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Andræmon lov'd; and bless'd in all those charms
That pleas'd a god, succeeded to her arms.

A lake there was with shelving banks around, 15
Whose verdant summit fragrant myrtles crown'd;
These shades, unknowing of the Fates, she sought,
And to the Naiads flow*ry garlands brought;
Her smiling babe (a pleasing charge) she prest
Within her arms, and nourish'd at her breast. 20
Not distant far a wat'ry lotos grows;
The spring was new, and all the verdant boughs,
Adorn’d with blossoms, promised fruits that vie
In glowing colours with the Tyrian dye:
Of these she cropp'd to please her infant son, 25
And I myself the same rash act had done;
But, lo! I saw (as near her side I stood)
The violated blossoms drop with blood;

Excipit Andræmon; et habetur conjuge felix.
Est lacus acclivi devexo margine formam

15
Litoris efficiens: summum myrteta coronant.
Venerat huc Dryope, fatorum nescia; quoque
Indignere magis, nymphis latura coronas.
Inque sinu puerum, qui nondum impleverat annum,
Dulce ferebat onus; tepidique ope lactis alebat.
Haud procul a stagno, Tyrios imitata colores,
In spem baccharum florebat aquatica lotos.
Carpserat hinc Dryope, quos oblectamina nato 25
Porrigeret flores: et idem factura videbar
(Namque aderam.) Vidi guttas e flore cruentas

20

Upon the tree I cast a frightful look ;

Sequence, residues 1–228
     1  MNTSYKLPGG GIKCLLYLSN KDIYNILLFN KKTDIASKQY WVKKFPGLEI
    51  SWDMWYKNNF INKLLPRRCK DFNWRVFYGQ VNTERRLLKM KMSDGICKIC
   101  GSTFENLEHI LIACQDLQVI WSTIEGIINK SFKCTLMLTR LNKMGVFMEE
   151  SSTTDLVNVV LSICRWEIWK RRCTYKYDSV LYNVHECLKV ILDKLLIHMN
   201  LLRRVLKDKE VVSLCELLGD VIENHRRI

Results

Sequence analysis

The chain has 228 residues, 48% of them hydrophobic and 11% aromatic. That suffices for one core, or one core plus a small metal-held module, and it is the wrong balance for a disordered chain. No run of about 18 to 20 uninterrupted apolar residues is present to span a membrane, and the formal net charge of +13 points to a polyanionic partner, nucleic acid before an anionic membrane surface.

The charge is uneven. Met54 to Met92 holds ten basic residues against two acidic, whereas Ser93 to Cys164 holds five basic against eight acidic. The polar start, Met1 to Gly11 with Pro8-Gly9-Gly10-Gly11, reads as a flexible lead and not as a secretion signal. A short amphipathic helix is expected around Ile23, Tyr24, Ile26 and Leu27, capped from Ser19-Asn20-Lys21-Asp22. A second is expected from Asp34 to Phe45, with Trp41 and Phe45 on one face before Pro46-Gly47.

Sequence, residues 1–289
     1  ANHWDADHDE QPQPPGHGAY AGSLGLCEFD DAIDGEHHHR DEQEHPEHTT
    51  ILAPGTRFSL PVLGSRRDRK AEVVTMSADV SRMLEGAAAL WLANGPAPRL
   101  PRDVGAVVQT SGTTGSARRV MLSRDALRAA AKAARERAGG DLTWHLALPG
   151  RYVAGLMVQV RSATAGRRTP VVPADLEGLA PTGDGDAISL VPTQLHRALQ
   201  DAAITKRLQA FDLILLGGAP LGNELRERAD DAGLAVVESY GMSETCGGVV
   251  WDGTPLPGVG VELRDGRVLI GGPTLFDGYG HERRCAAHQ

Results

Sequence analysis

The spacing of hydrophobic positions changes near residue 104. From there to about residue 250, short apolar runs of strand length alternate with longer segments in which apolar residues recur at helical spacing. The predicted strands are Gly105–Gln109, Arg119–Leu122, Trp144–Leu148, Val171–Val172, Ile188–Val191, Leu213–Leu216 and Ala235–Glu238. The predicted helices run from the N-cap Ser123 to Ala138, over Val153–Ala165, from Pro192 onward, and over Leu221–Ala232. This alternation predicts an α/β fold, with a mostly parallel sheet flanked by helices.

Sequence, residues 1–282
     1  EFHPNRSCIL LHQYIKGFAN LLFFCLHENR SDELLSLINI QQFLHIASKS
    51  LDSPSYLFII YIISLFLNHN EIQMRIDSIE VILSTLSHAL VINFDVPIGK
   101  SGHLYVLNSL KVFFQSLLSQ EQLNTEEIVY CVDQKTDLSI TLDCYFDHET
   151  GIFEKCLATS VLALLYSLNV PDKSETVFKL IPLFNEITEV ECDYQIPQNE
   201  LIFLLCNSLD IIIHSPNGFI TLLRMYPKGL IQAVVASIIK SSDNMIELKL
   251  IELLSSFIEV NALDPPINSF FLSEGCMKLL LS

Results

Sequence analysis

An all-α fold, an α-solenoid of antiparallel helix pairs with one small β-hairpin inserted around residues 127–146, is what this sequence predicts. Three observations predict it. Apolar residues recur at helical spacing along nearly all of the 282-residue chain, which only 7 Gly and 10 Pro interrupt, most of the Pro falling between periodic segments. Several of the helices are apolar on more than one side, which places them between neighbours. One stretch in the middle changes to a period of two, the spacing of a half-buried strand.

The trembling tree with sudden horror shook.

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Lotis the nymph (if rural tales be true)
As from Priapus' lawless lust she flew,
Forsook her form; and, fixing here, became
A fow'ry plant, which still preserves her name.

This change unknown, astonish'd at the sight 35 My trembling sister strove to urge her flight; And first the pardon of the nymphs implor'd, And the offended sylvan pow’rs ador'd: But when she backward would have fled, she found Her stiff'ning feet were rooted in the ground: In vain to free her fasten'd feet she strove, And as she struggles only moves above; She feels th' encroaching bark around her grow By quick degrees, and cover all below. Surpriz'd at this, her trembling hand she heaves 45 To rend her hair; her hand is fill'd with leaves :

40

30

Decidere, et tremulo ramos horrore moveri.
Scilicet, ut referunt tardi nunc denique agrestes,
Lotis in hanc nymphe, fugiens obscoena Priapi,
Contulerat versos servato nomine vultus.
Nescierat soror hoc; quæ cum perterrita retro 33
Ire, et adoratis vellet discedere nymphis,
Hæserunt radice pedes. Convellere pugnat: 40
Nec quidquam, nisi summa, movet. Succrescit ab imo,
Totaque paulatim lentus premit inguina cortex.
Ut vidit, conata manu laniare capillos,

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Where late was hair, the shooting leaves are seen
To rise and shade her with a sudden green.
The child Amphissus, to her bosom prest,
Perceiv'd a colder and a harder breast,

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And found the springs, that ne'er till then deny'd
Their milky moisture, on a sudden dry’d.
I saw, unhappy! what I now relate,
And stood the helpless witness of thy fate,
Embrac'd thy boughs, thy rising bark delay'd, 55.
There wish'd to grow, and mingle shade with shade!

Behold Andræmon and th' unhappy sire
Appear, and for their Dryope inquire;
A springing tree for Dryope they find,
And print warm kisses on the panting rind. 60